Outline of contingency plan template items

What a contingency plan should contain. This page an outline of elements we propose to include in the template section of the provider failure contingency planning guidance. This is very much a work in progress.  We encourage you to review this list and add any elements you think are missing to the comment box below or any other comments.

This work is part of the Provider Failure Contingency Planning Guidance led by LGiU and ADASS and forms a part of the consultation with the Virtual Reference Group:

The law – setting out the statutory obligation to provide temporary care under the Care Act 2014.

A position statement on market oversight:

  • Working relationships with CQC
  • Gathering intelligence on market resilience (see CordisBright guidance)
  • Engaging with the market – (see IPC guidance on engagement with providers) including any engagement with provider bodies –e.g. care associations
  • Safeguarding and quality feedback from within the council
  • Supporting provider relationships – e.g. supporting each other
  • Supporting providers, including those not commissioned to have good risk management, business continuity and data transfer plans.
  • Understanding the impact of non-commissioned support, prevention and ancillary services on the market

Contract management:

  • Ensuring that contracts have appropriate clauses on notice of closure, transfer of clients and client information
  • Supporting non-contracted providers to have similar risk management procedures (e.g. in case of closure, but also emergencies, like force majeure)
  • Good contract oversight
  • Complaints and user stories

Principles statement: statements which outline the approach which should be taken including:

  • Continuity of care
  • User choice
  • Carer choice and support
  • Employee choice and support

Roles and responsibilities: Who is responsible for triggering contingencies and carrying out contingency plans. Job titles will vary, but roles might include:

  • Commissioning team
  • Safeguarding team
  • Care management
  • Emergency planning/ business continuity
  • Finance
  • Senior Social Services management – e.g. DASS

Continuity of care:

  • Thinking through what you’ll do to support providers who may be struggling to avoid failure
  • Arrangements with CQC
  • Support team – e.g. contracts and commissioning team and arrangements with a quality and/or safeguarding team
  • Supporting provider staff through periods of uncertainty

Intelligence and information sharing

  • Understanding who receives care and the number of service users potentially affected by provider failure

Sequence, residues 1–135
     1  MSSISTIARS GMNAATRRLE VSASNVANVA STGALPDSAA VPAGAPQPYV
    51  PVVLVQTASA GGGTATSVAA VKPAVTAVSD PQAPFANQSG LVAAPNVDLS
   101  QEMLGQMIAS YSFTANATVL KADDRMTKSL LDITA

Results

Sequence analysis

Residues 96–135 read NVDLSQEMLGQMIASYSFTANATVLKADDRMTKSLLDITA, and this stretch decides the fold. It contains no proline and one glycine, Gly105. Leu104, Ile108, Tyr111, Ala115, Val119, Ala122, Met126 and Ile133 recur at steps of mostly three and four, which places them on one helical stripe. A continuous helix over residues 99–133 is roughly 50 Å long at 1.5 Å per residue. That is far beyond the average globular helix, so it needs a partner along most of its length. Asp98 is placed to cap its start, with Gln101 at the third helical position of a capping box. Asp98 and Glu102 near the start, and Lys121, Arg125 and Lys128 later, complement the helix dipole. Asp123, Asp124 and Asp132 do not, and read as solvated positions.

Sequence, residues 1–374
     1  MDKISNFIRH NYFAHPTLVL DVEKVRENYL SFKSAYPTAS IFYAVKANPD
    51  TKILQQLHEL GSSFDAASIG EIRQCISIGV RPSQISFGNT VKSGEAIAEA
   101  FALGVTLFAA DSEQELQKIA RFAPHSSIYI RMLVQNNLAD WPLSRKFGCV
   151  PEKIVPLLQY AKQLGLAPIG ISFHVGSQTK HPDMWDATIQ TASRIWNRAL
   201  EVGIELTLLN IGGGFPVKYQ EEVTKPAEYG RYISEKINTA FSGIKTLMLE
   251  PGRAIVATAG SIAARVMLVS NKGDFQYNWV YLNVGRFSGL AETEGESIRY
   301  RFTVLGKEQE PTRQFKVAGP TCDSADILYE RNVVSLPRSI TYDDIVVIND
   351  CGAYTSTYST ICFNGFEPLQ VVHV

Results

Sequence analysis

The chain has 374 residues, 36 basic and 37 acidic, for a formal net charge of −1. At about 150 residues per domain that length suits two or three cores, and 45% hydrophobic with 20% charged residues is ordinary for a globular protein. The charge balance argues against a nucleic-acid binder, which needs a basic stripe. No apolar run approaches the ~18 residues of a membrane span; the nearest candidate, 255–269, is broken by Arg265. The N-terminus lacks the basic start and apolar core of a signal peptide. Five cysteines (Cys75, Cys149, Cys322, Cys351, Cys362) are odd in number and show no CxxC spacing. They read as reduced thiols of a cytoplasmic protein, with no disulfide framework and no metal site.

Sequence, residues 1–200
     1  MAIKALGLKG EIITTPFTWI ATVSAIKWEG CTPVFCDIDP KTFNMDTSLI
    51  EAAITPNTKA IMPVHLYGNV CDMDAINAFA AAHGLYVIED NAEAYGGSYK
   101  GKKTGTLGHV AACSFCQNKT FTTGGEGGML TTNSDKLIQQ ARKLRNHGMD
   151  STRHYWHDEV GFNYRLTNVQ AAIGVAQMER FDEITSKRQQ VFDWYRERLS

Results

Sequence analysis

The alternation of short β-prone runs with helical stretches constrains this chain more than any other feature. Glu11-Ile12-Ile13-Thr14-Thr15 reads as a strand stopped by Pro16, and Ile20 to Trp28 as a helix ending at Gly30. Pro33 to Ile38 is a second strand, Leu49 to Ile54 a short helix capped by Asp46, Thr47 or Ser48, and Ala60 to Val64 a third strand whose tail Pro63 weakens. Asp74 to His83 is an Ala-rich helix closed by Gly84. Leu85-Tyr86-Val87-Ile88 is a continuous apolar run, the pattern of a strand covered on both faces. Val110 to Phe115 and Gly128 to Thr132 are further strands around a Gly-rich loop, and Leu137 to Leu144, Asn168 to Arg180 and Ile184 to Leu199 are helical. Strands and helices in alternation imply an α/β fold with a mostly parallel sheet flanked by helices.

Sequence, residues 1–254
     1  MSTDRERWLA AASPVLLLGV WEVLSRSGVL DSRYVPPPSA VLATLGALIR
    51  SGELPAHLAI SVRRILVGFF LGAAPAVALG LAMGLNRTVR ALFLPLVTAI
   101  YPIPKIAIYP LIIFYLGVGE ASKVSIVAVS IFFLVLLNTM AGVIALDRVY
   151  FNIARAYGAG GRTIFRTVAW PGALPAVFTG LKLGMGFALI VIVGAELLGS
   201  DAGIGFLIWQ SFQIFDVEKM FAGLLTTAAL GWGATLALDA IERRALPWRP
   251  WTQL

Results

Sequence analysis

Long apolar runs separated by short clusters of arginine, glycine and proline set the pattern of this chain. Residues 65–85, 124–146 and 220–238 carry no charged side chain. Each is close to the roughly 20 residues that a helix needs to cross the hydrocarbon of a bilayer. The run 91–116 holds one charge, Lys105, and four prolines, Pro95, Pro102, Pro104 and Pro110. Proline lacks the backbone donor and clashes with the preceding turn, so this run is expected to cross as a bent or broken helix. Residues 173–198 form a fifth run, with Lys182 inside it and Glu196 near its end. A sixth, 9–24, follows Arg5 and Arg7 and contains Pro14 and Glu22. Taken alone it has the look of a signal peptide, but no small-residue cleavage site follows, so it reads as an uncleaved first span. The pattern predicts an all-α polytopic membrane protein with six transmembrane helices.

• Establishing lines of contact with key stakeholders such as:
    • CQC
    • Health services
    • Safeguarding teams
    • Other local authorities
    • Police

Communications: Strategies should be established to deal with communication both internally and externally

  • Identifying key points of contact for inside the local authority, including people in social services, finance, senior management team, elected members and emergency planning
  • Engaging with the corporate communications team to have clear and consistent messages for the public and media
  • Consultation plans on proposed closures (for slower failures)
  • Engagement strategies for third sector and support services (e.g. Age UK, local charitable and support services)
  • Engagement strategies with staff

Identifying and supporting alternative provision:

  • In line with market management – having information about alternative providers
  • information and support strategies for self-funders, including alternative provision and appropriate financial advice
  • Identifying and commissioning providers of last resort

Force majeure

  • Links to uniformed services, police, fire, ambulance and civil contingencies
  • Snow and adverse weather provision
  • Differences between temporary and permanent closures and provision of support to providers in difficulty


  • Plans for rapid assessment of need for clients of failing/failed services. Including resource and mobilization plans
  • Assessment of social needs for care home residents, preserving friendships and other relationships
  • Clinical and social needs
    • Medical or clinical arrangements (e.g. GP, hospital appts)
    • Pharmacy and medication arrangements
    • Financial dealings
    • Equipment and aids
    • Details of next of kin and other key contacts
    • Any other specific needs
  • For home care: support for re-assessment of care package by new providers

Arrangements for transfers:

  • Communicating dates, times and logistics to all concerned parties, preferably in writing
  • Social arrangements: opportunities to say goodbye and to be greeted in the new home
  • Home care transitioning – supporting new or TUPE’d staff

Cost recovery:

  • From providers (where additional support including staffing) has been arranged
  • From self-funders who receive emergency or transitional cover
  • From local authorities who have clients placed outside their boundaries
  • From CCG (??)

Knowledge management:

  • Storing and dissemination of contingency plans
  • Review and updates
  • Links to related plans, support and guidance

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